Benjamin Franklin is given credit for saying, “One can tell the morals of a culture by the way they treat their dead.”

 

Benjamin Franklin is given credit for saying, “One can tell the morals of a culture by the way they treat their dead.”
 Memorial Day is the one day set aside to honor our fallen heroes – many of them young – who died in service to our country. They died to preserve the basic rights we often take for granted – life, liberty, and freedom from tyranny.
Springwater has nine cemeteries where more than 700 military men and women are buried. Every year, just before Memorial Day, members of the Springwater American Legion fan out in these cemeteries to mark the graves of veterans with a flag. On Memorial Day,  legion members accompanied by an Honor Guard, a minister, a bugler and usually one of the Junior members of the Post visit every cemetery, present colors, play taps, offer prayers, a 21-gun salute, and recite “In Flanders Fields.” It is a time-honored tradition.
As the economy has declined, many cemetery associations have seen their perpetual care funds generate nearly no interest. It has become increasingly difficult for them to provide paid personnel to maintain the cemeteries.
Governor Patterson signed a bill in May that allows towns to assist associations in the care and preservation of the cemeteries; this Bill was a necessary measure to ensure that associations thrived as the economy floundered and to prevent cemeteries from being abandoned or turned over to local governments to maintain.
Four of Springwater’s older cemeteries, Capron on East Avenue, the Ford/Christian and Green Gull cemeteries, both on Canadice Road, were lovingly cared for by the town and/or volunteers who adopted them. Unfortunately, this practice ceased under the present administration.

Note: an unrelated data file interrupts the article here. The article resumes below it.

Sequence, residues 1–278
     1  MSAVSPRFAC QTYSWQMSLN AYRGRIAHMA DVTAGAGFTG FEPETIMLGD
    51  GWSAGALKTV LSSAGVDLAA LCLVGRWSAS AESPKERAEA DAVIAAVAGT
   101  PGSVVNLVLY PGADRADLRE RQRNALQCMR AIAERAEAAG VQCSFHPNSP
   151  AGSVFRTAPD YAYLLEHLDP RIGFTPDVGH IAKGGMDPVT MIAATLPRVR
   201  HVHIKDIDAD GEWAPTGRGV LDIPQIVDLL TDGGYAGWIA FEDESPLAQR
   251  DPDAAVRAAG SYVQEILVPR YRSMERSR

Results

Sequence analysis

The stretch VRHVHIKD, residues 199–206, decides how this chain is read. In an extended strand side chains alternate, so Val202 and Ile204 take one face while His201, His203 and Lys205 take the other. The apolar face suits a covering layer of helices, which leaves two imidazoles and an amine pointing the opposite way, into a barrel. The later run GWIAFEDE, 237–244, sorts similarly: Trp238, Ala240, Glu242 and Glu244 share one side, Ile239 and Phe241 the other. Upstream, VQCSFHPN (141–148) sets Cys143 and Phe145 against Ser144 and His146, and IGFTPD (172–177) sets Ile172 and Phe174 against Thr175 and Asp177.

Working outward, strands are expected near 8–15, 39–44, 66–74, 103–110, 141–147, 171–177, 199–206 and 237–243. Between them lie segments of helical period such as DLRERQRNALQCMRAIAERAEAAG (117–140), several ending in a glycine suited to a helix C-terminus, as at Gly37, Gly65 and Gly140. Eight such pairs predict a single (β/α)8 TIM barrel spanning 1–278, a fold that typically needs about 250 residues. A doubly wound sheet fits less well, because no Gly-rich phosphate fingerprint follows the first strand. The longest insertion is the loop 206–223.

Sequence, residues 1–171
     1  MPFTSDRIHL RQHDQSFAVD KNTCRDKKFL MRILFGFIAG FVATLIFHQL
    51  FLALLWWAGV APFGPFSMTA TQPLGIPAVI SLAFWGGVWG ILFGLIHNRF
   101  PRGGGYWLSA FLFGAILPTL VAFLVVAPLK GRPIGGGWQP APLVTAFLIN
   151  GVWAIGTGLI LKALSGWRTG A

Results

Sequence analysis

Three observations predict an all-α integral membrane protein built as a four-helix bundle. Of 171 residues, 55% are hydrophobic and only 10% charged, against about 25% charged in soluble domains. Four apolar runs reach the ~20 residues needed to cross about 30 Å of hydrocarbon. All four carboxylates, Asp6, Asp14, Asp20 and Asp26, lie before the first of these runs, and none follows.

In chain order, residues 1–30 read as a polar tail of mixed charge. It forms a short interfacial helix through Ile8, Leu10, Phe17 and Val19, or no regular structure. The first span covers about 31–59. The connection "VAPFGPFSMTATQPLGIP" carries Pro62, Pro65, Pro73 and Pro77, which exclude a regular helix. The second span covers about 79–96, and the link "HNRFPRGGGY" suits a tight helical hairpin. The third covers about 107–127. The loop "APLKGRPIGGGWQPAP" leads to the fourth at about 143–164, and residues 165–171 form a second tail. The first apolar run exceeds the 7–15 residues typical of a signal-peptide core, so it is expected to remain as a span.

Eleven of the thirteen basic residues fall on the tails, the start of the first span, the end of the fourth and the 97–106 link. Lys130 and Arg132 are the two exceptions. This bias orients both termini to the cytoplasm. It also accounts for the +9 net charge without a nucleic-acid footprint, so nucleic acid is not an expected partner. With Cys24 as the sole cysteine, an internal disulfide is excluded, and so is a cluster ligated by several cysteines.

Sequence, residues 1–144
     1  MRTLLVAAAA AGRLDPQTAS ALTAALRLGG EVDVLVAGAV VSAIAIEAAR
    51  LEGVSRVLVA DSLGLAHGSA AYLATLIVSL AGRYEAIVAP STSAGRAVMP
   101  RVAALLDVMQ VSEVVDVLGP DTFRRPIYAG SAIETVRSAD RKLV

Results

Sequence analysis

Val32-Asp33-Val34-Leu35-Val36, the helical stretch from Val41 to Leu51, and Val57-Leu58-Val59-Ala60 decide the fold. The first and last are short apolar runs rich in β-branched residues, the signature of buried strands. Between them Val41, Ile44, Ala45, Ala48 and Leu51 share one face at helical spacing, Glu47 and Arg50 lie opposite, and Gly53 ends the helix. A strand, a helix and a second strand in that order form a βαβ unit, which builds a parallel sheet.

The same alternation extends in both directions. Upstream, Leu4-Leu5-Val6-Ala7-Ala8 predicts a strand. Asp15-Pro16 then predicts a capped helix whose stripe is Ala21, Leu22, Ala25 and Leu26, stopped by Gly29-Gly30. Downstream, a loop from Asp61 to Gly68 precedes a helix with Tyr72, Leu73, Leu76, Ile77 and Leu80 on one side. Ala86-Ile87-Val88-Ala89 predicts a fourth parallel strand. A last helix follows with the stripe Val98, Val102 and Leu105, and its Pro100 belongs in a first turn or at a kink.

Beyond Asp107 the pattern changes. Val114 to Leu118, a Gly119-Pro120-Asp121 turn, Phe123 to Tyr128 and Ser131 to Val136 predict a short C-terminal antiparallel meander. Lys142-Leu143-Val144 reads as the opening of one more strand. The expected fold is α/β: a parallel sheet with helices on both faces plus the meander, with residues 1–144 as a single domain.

Last year, Legion members stood in grass nearly to their knees to pay respect to our fallen heroes. Despite a law confirmed by this writer with the Division of Cemeteries in Albany that requires towns that have municipal or hold abandoned cemeteries to “mow and maintain them at least three times a year,” our town officials have chosen to fire the volunteers and do nothing.
The town insurance covers a visitor if struck by a falling limb or headstone, or falls while visiting one of these cemeteries. Cemetery associations are required to carry a similar policy to protect visitors.  Under NY GMU Law, section 165-c, “no municipal corporation which establishes a volunteer cemetery maintenance and cleanup program shall be liable for any damage sustained by any person participating and no cause for action shall be adjudicated by any court in this state…”
Why, then, has the current administration overlooked the final resting places of our national heroes? Why did they fire the volunteers who lovingly cared for the graves of our ancestors who fought valiantly to guarantee the very inalienable rights which, today, allows these same people to serve in their elected capacities?
Memorial Day is Monday and the Springwater American Legion is already gearing up for the traditional commemorative rites. We are prepared to pay homage to our fallen heroes, some whose graves date back to the Revolutionary War.
The deplorable conditions existing in three of our cemeteries notwithstanding, we will remember our veteran brothers and sisters. Will our town officials show the same kind of respect for these heroes by mowing these cemeteries?
As Ben Franklin so succinctly said, “One can tell…,” and doing nothing speaks volumes about who we are and where our priorities lie.